George Hook: ‘I’ll retire in despair if I don’t overtake Matt Cooper’
Behind the Right Hook – the cartoon character he inhabits to maximum effect on radio and TV – is an ambitious broadcaster with complex views on ambition, retirement, dementia and the right to die
‘The inscrutability of the living cartoon enables Hook to be, by a considerable distance, the greatest Irish broadcaster since Gaybo, entering into the imaginations of his audience, inviting love and loathing in equal proportions.’ Photograph: Eric Luke
George Hook is Desperate Dan. Or perhaps Fred Flintstone going yabba-dabba-doo on the radio, with “the lovely Ingrid” back home in Bedrock. Or, perhaps Dagwood and Blondie, with a dash of Popeye and Olive Oyl.
Hook is pure cartoon, self-penned, calculated self-caricature, redrafted in his mid-50s to meet the opportunities that suddenly dropped in his path. His backstory helped: a series of careering disasters in the catering trade, involving bankruptcy and petty fraud. His autobiography, the sublimely titled Time Added On, tells of his rise from Corkonian poverty to national iconisation and in between those calamitous 30 years in the wrong job, ducking and diving to dodge the blows and judgments of an unfathomable world. Hook is a man who seems repeatedly to have walked off cliffs, hung momentarily in mid-air, plummeted to the ground and survived to stagger into the next frame.
Reborn as a national broadcasting icon at the point when other men were retiring to play golf, he has played up this cartoon dimension to maximum effect, creating a legend behind which the “true Hook” recedes into oblivion.
When I arrive for our appointment in the lounge of the Westbury Hotel, he is on the phone to one of his researchers, emphatically instructing that they shouldn’t have the same old politicians saying the same predictable things. His vehemence, he explains to me, is linked to the reasons he recently announced his staggered retirement – from television next year and radio the year after. He wanted to choose his moments rather than let others tell him. When the moment arrives, he wants to have reinvented Irish radio for a new age.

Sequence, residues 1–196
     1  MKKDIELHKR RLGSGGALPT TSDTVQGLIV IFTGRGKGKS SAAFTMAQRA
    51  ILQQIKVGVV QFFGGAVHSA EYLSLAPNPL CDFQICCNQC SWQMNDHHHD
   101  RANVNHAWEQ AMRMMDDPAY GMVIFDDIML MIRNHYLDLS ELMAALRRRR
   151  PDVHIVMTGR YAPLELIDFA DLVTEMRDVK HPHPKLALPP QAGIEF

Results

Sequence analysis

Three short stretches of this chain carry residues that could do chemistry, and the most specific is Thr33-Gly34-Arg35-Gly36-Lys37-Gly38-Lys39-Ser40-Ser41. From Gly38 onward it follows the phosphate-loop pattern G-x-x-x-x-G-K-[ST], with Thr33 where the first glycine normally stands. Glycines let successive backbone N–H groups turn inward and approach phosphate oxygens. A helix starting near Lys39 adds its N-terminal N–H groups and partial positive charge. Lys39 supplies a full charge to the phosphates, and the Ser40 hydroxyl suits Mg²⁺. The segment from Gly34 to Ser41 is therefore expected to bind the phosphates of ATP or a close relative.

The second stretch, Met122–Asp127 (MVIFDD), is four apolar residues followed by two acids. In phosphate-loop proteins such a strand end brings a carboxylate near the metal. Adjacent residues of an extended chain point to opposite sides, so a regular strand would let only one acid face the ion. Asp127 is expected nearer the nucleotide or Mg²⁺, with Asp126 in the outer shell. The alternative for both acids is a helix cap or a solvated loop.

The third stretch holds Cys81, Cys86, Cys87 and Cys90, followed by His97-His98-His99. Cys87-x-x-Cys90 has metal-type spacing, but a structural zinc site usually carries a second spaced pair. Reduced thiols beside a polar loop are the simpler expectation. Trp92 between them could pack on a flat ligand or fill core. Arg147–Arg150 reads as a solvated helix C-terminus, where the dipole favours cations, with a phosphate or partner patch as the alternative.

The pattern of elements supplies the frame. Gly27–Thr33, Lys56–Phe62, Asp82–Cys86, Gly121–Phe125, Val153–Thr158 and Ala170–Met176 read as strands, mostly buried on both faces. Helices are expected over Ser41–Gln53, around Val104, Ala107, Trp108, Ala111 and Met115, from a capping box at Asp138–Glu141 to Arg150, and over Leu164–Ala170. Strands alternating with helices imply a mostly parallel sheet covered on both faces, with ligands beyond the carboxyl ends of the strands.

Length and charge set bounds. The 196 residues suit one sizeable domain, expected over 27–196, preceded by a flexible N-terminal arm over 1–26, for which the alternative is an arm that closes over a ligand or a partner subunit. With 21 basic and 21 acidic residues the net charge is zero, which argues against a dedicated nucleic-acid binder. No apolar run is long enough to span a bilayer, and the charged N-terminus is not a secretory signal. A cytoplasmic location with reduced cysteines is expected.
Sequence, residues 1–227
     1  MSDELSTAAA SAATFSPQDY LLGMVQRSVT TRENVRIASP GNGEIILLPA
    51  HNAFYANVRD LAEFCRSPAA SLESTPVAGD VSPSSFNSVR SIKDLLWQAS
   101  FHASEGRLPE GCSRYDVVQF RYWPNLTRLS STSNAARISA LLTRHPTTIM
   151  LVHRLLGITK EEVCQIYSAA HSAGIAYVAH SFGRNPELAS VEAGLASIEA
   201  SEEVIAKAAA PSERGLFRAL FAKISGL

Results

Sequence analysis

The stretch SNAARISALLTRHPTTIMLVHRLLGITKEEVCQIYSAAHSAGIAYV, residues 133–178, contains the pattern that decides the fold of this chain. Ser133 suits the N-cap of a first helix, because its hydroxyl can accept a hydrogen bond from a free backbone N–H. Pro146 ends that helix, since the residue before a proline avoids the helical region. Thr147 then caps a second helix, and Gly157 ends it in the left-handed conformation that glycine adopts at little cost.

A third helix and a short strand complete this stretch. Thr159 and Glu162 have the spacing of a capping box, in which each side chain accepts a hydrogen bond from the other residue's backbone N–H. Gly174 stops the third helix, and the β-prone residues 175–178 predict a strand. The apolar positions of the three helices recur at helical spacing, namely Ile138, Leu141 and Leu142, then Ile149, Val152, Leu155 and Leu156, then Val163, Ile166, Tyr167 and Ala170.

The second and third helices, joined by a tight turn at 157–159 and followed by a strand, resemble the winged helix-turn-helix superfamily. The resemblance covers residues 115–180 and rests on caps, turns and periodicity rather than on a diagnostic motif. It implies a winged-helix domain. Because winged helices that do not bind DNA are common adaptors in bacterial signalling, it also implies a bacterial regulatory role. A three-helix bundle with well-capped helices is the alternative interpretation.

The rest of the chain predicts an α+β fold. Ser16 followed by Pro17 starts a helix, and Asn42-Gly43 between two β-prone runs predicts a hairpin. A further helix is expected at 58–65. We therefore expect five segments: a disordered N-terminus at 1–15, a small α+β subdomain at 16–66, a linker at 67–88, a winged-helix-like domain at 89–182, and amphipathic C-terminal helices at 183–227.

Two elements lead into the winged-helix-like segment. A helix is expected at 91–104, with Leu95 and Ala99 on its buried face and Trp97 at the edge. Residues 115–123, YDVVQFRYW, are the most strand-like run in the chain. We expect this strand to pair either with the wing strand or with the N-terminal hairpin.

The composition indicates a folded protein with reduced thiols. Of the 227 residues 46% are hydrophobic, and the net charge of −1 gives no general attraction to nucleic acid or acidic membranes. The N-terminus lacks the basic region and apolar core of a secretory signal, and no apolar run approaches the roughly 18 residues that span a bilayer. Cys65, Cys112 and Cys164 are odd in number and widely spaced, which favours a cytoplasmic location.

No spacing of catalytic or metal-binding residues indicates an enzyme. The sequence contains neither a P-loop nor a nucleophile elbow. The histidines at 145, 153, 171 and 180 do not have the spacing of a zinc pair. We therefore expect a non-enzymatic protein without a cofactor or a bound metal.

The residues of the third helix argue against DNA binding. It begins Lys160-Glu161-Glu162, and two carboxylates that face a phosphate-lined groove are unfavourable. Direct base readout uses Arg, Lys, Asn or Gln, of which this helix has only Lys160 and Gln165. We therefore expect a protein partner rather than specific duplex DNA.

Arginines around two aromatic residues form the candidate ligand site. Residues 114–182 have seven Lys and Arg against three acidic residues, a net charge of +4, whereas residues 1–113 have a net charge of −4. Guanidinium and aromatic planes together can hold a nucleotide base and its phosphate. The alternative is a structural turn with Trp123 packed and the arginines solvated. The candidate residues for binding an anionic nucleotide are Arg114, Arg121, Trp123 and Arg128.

“It’s all about me. It’s not about my employer, or helping them,” he elaborates, with that blend of seriousness and irony that renders it impossible to say whether he’s deadly earnest or engaged in some elaborate self-parody.
“Why do we in radio think that, 10 years from now, people are going to be consuming radio the same way as they are now? Why do we assume that people want an interview with Ruairí Quinn at 4.45pm; 5pm interview with Shane Ross? Why do we assume people are waiting for the news at 6pm?”
Newstalk, he says, has had the same format since it opened; RTÉ has been doing it for decades. “This next generation isn’t gonna buy that, because they get their news in a different way. So I’m going to deliver, between now and the day I go, what I believe is the radio of the next generation. I’m a bit like Glenn Miller in pursuit of ‘the sound’. In his head he had this idea of what the band should sound like. I know what the Right Hook’s supposed to sound like, but I haven’t got it yet. And I’ve got a date I must have it by: October 26th, 2016. So every day that goes by, I say, ‘S**t! Another day gone and I haven’t got it’.”
He spends a while every day studying his JNLR listenership figures, and he has discovered that, although his top-line figure remains below those of his direct competitors – Matt Cooper on Today FM and Mary Wilson on RTÉ – his audience among younger listeners is far higher than either.
“I can tell you how many people under a certain age listen to me, what day of the week people listen to me, what county they listen to me in. Matt Cooper is 20,000 or 30,000 ahead of me. Right? At one point he was 200,000 ahead, so I’ve done pretty well. But I’ve more than double his audience in Dublin. I’ll retire in despair if I don’t pass out Matt Cooper.
“Mary Wilson is more than 100,000 ahead of me. Right? If you strip out the over-45s, in fact the over-50s, I’m ahead of her. I don’t have the slightest difficulty with the idea that the entire old-age pensioner population of Ireland listens to Mary Wilson. No problem.”
Even if you’re one of them? “Even if I’m one of them.” The inscrutability of the living cartoon enables Hook to be, by a considerable distance, the greatest Irish broadcaster since Gaybo, entering into the imaginations of his audience, inviting love and loathing in equal proportions, forcing people to break out in reluctant smiles at the absurdity of his verbal adventuring, his brass cheek, his apparent indifference to slings and arrows, which bounce off his hide like hailstones off a rhinoceros. On his Newstalk show, he reads out attacks on himself with the insouciance of a dentist surveying a recalcitrant wisdom tooth.